Whether we were targeting action to cut the gender pay gap, focussing on how we can help women from ethnic minorities to better integrate into society, or voting on ways in which we tackle discrimination against older women, the Tories were steadfast in their lack of support.

On the whole these weren't legislative actions that would commit additional funding or tie anyone down in red tape. They were about sending a political signal to the European Commission about what issues MEPs consider to be important.

And in their votes this week it has become clear that for the Conservative Party women's rights isn't one of those issues.

What is particularly worrying is that this seems to be becoming a political narrative for this government's approach in the EU.

Last week the Guardian reported that the Conservative-Lib Dem government was opting out of pan-EU measures to combat human trafficking. It's a prime example of a policy area in which it makes perfect sense for European countries to work together. No wonder human rights groups have been up in arms.

To make matters worse, this isn't even the first time that the new coalition government, only just 100 days old, has chosen to opt out of measures that would protect women from abuse and violence.

European Protection Orders are an idea currently being considered to ensure that women who receive the backing of the courts to protect them from violent attacks have that protection wherever they are in the EU.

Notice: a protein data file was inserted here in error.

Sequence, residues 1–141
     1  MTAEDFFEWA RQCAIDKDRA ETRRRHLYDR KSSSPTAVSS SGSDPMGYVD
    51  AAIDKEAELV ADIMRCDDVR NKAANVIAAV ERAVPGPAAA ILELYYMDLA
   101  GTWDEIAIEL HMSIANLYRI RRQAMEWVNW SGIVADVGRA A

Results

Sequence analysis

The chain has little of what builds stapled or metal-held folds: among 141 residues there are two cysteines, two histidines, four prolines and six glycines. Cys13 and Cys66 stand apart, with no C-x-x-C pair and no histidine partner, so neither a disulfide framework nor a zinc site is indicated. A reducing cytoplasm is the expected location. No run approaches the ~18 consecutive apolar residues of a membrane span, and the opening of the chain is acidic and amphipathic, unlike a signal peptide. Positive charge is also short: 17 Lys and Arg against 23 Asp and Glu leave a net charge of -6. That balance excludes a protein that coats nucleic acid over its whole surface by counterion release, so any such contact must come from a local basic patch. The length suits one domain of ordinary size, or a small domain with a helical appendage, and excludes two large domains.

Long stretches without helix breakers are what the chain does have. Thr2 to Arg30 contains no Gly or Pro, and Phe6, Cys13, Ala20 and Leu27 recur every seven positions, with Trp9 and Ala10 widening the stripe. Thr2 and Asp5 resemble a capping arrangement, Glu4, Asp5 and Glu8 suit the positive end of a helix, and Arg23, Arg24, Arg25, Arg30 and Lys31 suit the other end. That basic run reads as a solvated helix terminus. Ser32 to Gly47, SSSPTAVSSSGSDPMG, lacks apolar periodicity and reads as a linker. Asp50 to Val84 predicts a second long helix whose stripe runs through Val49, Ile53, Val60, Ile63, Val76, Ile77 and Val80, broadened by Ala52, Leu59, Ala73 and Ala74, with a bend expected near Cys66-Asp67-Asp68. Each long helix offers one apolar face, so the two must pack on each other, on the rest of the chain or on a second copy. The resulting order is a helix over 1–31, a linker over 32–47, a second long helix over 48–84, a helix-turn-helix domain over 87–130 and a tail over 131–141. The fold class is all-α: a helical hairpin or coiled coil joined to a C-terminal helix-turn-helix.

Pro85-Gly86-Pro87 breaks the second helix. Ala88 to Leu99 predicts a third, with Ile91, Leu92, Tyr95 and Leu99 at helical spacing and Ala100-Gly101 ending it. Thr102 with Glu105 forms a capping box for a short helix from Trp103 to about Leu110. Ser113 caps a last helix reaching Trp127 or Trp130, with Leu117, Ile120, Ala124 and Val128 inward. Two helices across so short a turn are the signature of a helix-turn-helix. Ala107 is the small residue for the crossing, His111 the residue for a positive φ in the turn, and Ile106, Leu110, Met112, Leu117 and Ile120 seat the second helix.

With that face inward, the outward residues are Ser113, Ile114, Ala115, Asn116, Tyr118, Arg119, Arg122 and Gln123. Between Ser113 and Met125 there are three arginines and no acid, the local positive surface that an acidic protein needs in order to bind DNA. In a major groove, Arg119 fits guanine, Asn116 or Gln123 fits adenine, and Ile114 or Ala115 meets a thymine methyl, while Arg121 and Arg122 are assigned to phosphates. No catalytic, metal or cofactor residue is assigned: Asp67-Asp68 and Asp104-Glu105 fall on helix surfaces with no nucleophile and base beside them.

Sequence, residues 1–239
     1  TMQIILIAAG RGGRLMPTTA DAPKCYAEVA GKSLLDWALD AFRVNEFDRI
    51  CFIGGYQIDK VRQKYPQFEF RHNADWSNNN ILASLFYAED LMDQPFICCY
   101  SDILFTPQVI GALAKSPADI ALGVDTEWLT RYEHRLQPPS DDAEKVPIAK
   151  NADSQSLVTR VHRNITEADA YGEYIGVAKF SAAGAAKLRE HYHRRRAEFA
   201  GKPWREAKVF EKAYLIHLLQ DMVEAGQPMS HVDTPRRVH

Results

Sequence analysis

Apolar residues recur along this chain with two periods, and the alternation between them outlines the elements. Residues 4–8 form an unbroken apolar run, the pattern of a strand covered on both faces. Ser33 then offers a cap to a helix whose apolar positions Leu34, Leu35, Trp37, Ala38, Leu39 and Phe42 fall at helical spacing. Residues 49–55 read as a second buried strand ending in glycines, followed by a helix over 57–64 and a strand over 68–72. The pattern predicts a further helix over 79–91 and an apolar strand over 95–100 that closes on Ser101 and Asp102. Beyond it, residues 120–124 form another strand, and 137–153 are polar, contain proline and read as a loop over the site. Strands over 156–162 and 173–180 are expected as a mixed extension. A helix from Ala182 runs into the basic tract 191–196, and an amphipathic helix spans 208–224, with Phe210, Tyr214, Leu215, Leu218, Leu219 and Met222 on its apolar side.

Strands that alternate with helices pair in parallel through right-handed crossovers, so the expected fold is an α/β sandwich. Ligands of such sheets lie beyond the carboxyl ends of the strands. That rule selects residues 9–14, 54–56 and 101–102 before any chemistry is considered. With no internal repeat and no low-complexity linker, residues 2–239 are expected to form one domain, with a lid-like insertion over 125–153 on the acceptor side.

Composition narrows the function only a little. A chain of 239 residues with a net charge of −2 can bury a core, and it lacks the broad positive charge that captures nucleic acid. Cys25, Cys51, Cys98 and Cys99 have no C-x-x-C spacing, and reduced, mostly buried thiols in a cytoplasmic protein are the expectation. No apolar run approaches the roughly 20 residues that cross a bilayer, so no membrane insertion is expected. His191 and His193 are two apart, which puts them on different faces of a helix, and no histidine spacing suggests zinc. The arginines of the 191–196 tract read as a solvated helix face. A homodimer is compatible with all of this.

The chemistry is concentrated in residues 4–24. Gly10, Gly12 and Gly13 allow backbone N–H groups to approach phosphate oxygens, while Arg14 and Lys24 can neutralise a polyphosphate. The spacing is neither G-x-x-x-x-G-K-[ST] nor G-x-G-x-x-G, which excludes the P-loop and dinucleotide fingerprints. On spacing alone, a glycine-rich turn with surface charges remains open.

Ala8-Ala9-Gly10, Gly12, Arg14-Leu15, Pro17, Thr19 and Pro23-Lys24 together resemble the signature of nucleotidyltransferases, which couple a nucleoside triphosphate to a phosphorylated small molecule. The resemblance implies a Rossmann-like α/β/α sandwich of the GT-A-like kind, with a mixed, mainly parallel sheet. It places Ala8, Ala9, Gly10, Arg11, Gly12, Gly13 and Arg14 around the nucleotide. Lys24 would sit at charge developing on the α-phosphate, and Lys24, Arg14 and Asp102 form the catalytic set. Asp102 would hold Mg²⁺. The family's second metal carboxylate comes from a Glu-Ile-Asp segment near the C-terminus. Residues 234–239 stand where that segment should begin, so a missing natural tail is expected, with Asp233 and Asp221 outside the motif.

The scheme had the backing of the Labour government but in June, quietly and with little media reporting, Justice Minister Ken Clarke reversed the UK position.

One of the interesting things about being in the European Parliament is that you get to see the different politics of the coalition partners close up. The Lib Dems and Conservatives regularly take opposing positions in the Strasbourg hemicycle.

So far, it looks like when it comes to government policy on women's rights, the Conservative position is winning out every time.

Monday, September 13, 2010

Cuts to hit Midlands and North hardest

I wasn’t surprised to see that the Midlands and the North are likely to be hit harder than the South when the public spending cuts bite.

This was the main finding of recent research carried out on behalf of the BBC The study assesses how England's regions may cope with further public sector cuts and looks at four categories; business, community, people and place. It then ranks the different local authorities according to how well they will do when subjected to the economic shocks caused by spending cuts.

Overall the survey does not predict good times ahead for the East Midlands, with only two local authorities in the top 50 best-placed authorities, while seven are in the bottom 50.

But depicting this as a “north-south divide” story as the BBC does is too simple. It’s not just because the Midlands (whether East or West) is not in the North. It’s because we can see major differences within each Region.